A beginner’s guide to growing succulents

A beginner’s guide to growing succulents

By Klaudyna Kyros

Tags: agave, Aloe, botrytis cinerea fungus, crassula perforata (string of buttons), drought tolerance, Echeveria, growing succulents indoors, growing succulents outdoors, haworthia margaritifera, hens and chicks, indoor plants, Kalanchoe, Mother in Law’s Tongue, rhipsalis pilocarpa, Sempervivum, soil for succulents, succulent feeding, succulent scarring, succulent stretching, succulent sunburn, succulent watering

Fascinating and beautiful, succulents are wonderful examples of nature’s adaptability. You’ll find succulents thriving the world over, in places with little rainfall where most plants stand zero chance of survival. To withstand these harshest of conditions, succulents grow slowly and store water in their thick, fleshy leaves, stems, roots or tubers.

Succulents come in a cornucopia of colours and shapes and, thanks to their simple yet striking foliage and a tolerance to drought, have become a firm favourite in modern Australian homes and gardens.

 

Easy varieties for the succulent beginner

Indoors

When growing succulents indoors, make sure they have plenty of bright light and air circulation to reduce disease.

  • Crassula perforata (string of buttons)
  • Haworthia margaritifera
  • Kalanchoe
  • Mother-in-law’s tongue
  • Rhipsalis pilocarpa

 

Outdoors

The rosetta-shaped echeveria are a popular choice when growing succulents outdoors in pots, as they come in hundreds of varieties and almost as many colours and are easy to propagate. Sempervivum and hens and chicks are great options too while agaves and aloe make great landscaping options.

 

The best soil for succulents

Succulents love well-draining soil. For impeccable soil, Flower Power’s succulent expert Brenda Cook recommends an equal blend of cacti/succulent mix and perlite. Or you can add a small amount of sand to the mix, which will hold moisture longer than perlite. Just keep in mind the sand will make a pot heavier.

There are those who suggest mixing well-rotted compost or manure into the soil, but Brenda believes the extra nitrogen can do more harm than good, as succulents get most of their nutrients from the air and rainwater.

Top it off with a layer of gravel, which keeps the plant’s collar dry and covers up the perlite.

 

Growing succulents in pots

Indoors or out, succulents grow happily in pots.  Pick a pot suited to the size of the plant and steer clear of plastic pots, instead choosing terracotta, which lets the soil dry out faster. Make sure the pot isn’t standing in a saucer of water – it must have free drainage.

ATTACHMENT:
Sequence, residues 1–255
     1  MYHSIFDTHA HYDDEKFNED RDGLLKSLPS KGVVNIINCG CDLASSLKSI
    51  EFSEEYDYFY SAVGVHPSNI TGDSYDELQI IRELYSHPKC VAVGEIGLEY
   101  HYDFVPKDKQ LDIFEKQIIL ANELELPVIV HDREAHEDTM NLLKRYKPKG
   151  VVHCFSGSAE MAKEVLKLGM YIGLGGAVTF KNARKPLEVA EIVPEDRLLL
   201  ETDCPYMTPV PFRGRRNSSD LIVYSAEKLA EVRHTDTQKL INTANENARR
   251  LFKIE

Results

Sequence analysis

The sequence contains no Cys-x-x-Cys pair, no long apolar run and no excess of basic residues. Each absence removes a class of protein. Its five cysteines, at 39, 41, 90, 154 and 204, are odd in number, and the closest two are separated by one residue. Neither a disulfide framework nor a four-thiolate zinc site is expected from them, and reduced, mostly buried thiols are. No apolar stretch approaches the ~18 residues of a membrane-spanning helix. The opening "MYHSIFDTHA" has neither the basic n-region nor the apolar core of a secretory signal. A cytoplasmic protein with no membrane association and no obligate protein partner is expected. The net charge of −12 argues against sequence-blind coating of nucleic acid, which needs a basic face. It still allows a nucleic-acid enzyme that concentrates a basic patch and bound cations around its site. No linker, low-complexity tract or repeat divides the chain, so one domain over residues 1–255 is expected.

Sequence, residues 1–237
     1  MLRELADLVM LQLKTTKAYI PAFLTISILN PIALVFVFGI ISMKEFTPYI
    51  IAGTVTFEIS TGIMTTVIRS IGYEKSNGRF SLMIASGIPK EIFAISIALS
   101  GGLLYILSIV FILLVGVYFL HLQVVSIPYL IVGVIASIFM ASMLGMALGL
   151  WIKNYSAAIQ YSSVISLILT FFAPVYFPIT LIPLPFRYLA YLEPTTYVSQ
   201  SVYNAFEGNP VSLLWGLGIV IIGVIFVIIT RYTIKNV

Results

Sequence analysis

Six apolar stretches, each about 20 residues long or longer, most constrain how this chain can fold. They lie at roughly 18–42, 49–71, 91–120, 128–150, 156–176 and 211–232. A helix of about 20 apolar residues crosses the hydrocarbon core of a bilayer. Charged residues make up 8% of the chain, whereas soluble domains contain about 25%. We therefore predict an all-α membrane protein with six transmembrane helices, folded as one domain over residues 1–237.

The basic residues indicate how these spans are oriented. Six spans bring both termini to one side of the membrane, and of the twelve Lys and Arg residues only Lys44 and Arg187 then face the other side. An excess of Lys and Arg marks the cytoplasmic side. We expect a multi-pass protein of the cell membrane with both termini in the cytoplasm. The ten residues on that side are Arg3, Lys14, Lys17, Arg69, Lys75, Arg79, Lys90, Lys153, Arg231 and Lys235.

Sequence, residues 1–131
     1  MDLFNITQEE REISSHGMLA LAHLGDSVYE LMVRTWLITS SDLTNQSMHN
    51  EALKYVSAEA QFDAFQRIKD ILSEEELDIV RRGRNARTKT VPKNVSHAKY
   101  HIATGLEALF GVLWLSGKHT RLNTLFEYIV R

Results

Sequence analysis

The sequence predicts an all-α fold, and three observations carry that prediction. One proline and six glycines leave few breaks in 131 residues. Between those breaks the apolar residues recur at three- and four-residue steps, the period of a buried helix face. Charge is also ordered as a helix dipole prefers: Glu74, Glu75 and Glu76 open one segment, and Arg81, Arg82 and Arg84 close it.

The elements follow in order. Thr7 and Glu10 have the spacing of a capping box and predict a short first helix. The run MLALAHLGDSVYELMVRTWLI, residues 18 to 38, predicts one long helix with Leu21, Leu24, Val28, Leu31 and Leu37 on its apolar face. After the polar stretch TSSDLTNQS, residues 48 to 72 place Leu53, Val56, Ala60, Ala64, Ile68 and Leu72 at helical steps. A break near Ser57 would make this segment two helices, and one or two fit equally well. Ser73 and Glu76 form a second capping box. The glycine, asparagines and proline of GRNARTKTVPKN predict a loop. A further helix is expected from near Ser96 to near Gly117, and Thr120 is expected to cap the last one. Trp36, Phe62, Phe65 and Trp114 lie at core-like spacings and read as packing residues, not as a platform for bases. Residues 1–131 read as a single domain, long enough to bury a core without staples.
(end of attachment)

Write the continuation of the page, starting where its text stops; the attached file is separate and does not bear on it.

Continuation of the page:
How to feed succulents

Feed your succulent in spring and early summer, while it’s growing. Use a slow-release fertiliser, at half the recommended rate on the label. If you overfeed, you’ll end up with soft, sappy growth that won’t stand up to tough weather conditions.

 

Where to position succulents

Succulents are tough plants that can never have too much sun. They’ll stand strong through the heat of summer, making them perfect for hot patios and porches. If you’re growing your succulent indoors, it’ll appreciate a summer holiday outdoors. Just make sure you give your plant time to transition from the indoors to the outdoors. Some succulents can suffer burns if you put them straight into summer sun. The sunburn won’t kill them but it may produce scars which, given these plants longevity, could remain unsightly for years. Make sure to bring your plant back inside the moment the weather turns cold and damp.

 

 

A beginner’s guide to growing succulents

Clockwise from left to right: kalanchoe, aloe ‘Always Red’, mother-in-law’s tongue, echeveria flower, agave.

 

Succulent slip-ups to avoid

Not enough light

If your succulent looks like it’s stretching out of its pot, it’s a sign it’s not getting enough light. Once this happens, it’s hard to get your succulent back to a compact shape. You can try propagating the plant, taking a cutting one to two inches from the plant’s base. Place the cutting in a shady spot and give it just a little water (make sure it’s not bone dry) and let it reshoot new growth.

Overwatering

While it’s important to give your plant plenty of water in spring and early summer, while it’s growing, overwatering is a common boo-boo. In summer, let the soil dry between watering. Tail off watering with the return of cooler weather, letting your plant become bone dry. In winter, when your plant is dormant, allow it to dry out completely. Don’t panic if it shrivels alarmingly. It’ll bounce back as soon as you water it again in spring.

Overwatering encourages Botrytis cinerea fungus to rot the roots and base of the plant. Once this fungus has set in, it’s very hard to save the plant, even after using strong fungicide.

Mealy bug

Mealy bug can infest the roots of just about any succulent. As soon as mealy bug rears its soft, white, fluffy head, spray the top of the foliage and soak the roots in a powerful insecticide.

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Klaudyna Kyros

Klaudyna Kyros